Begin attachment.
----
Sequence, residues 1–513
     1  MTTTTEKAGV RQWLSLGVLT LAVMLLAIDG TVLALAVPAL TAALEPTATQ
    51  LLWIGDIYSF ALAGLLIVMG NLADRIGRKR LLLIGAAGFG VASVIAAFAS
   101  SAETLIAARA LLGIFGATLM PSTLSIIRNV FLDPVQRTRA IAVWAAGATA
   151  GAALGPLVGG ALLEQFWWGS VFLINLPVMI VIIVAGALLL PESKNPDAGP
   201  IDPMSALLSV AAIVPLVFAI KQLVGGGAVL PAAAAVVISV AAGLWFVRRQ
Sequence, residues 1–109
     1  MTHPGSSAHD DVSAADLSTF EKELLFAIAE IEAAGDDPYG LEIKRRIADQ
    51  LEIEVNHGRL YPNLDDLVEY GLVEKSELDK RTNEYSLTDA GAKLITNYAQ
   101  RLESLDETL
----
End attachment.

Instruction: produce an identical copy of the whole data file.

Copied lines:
Sequence, residues 1–513
     1  MTTTTEKAGV RQWLSLGVLT LAVMLLAIDG TVLALAVPAL TAALEPTATQ
    51  LLWIGDIYSF ALAGLLIVMG NLADRIGRKR LLLIGAAGFG VASVIAAFAS
   101  SAETLIAARA LLGIFGATLM PSTLSIIRNV FLDPVQRTRA IAVWAAGATA
   151  GAALGPLVGG ALLEQFWWGS VFLINLPVMI VIIVAGALLL PESKNPDAGP
   201  IDPMSALLSV AAIVPLVFAI KQLVGGGAVL PAAAAVVISV AAGLWFVRRQ
Sequence, residues 1–109
     1  MTHPGSSAHD DVSAADLSTF EKELLFAIAE IEAAGDDPYG LEIKRRIADQ
    51  LEIEVNHGRL YPNLDDLVEY GLVEKSELDK RTNEYSLTDA GAKLITNYAQ
   101  RLESLDETL